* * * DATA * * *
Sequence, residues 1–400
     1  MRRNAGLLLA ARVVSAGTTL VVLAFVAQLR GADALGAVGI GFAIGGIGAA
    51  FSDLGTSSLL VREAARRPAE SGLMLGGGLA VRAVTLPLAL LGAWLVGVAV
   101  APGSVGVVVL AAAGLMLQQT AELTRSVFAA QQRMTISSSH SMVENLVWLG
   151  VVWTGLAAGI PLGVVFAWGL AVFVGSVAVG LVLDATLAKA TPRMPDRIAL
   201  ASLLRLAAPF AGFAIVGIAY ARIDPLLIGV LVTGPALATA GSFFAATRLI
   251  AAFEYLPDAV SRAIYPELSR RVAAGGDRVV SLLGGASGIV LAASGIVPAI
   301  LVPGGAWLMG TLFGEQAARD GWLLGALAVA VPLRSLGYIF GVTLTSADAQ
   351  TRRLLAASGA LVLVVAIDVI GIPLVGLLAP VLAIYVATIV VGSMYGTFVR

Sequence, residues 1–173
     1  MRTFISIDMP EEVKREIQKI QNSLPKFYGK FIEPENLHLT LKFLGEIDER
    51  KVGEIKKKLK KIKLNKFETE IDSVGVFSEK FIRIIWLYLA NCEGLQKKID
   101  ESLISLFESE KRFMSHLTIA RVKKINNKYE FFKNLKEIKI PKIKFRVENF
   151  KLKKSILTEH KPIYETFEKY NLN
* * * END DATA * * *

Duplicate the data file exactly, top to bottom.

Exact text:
Sequence, residues 1–400
     1  MRRNAGLLLA ARVVSAGTTL VVLAFVAQLR GADALGAVGI GFAIGGIGAA
    51  FSDLGTSSLL VREAARRPAE SGLMLGGGLA VRAVTLPLAL LGAWLVGVAV
   101  APGSVGVVVL AAAGLMLQQT AELTRSVFAA QQRMTISSSH SMVENLVWLG
   151  VVWTGLAAGI PLGVVFAWGL AVFVGSVAVG LVLDATLAKA TPRMPDRIAL
   201  ASLLRLAAPF AGFAIVGIAY ARIDPLLIGV LVTGPALATA GSFFAATRLI
   251  AAFEYLPDAV SRAIYPELSR RVAAGGDRVV SLLGGASGIV LAASGIVPAI
   301  LVPGGAWLMG TLFGEQAARD GWLLGALAVA VPLRSLGYIF GVTLTSADAQ
   351  TRRLLAASGA LVLVVAIDVI GIPLVGLLAP VLAIYVATIV VGSMYGTFVR

Sequence, residues 1–173
     1  MRTFISIDMP EEVKREIQKI QNSLPKFYGK FIEPENLHLT LKFLGEIDER
    51  KVGEIKKKLK KIKLNKFETE IDSVGVFSEK FIRIIWLYLA NCEGLQKKID
   101  ESLISLFESE KRFMSHLTIA RVKKINNKYE FFKNLKEIKI PKIKFRVENF
   151  KLKKSILTEH KPIYETFEKY NLN